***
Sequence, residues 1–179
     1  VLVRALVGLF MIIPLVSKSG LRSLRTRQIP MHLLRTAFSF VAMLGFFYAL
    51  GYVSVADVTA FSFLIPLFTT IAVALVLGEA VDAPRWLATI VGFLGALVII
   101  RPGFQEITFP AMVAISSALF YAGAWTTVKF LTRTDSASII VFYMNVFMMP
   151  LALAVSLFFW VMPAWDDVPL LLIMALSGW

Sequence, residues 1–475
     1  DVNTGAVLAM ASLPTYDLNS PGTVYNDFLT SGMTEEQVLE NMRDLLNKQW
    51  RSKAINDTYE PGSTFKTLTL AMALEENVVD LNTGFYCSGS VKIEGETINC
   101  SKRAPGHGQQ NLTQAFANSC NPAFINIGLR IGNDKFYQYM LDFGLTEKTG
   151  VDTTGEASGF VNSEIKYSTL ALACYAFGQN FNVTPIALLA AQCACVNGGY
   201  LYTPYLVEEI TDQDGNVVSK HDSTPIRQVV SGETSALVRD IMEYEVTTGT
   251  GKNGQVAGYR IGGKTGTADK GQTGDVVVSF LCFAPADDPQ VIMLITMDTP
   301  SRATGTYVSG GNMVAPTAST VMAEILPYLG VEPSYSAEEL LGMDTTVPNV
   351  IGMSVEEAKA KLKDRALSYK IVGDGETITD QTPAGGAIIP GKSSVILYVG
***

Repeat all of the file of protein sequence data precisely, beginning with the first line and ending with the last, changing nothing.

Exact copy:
Sequence, residues 1–179
     1  VLVRALVGLF MIIPLVSKSG LRSLRTRQIP MHLLRTAFSF VAMLGFFYAL
    51  GYVSVADVTA FSFLIPLFTT IAVALVLGEA VDAPRWLATI VGFLGALVII
   101  RPGFQEITFP AMVAISSALF YAGAWTTVKF LTRTDSASII VFYMNVFMMP
   151  LALAVSLFFW VMPAWDDVPL LLIMALSGW

Sequence, residues 1–475
     1  DVNTGAVLAM ASLPTYDLNS PGTVYNDFLT SGMTEEQVLE NMRDLLNKQW
    51  RSKAINDTYE PGSTFKTLTL AMALEENVVD LNTGFYCSGS VKIEGETINC
   101  SKRAPGHGQQ NLTQAFANSC NPAFINIGLR IGNDKFYQYM LDFGLTEKTG
   151  VDTTGEASGF VNSEIKYSTL ALACYAFGQN FNVTPIALLA AQCACVNGGY
   201  LYTPYLVEEI TDQDGNVVSK HDSTPIRQVV SGETSALVRD IMEYEVTTGT
   251  GKNGQVAGYR IGGKTGTADK GQTGDVVVSF LCFAPADDPQ VIMLITMDTP
   301  SRATGTYVSG GNMVAPTAST VMAEILPYLG VEPSYSAEEL LGMDTTVPNV
   351  IGMSVEEAKA KLKDRALSYK IVGDGETITD QTPAGGAIIP GKSSVILYVG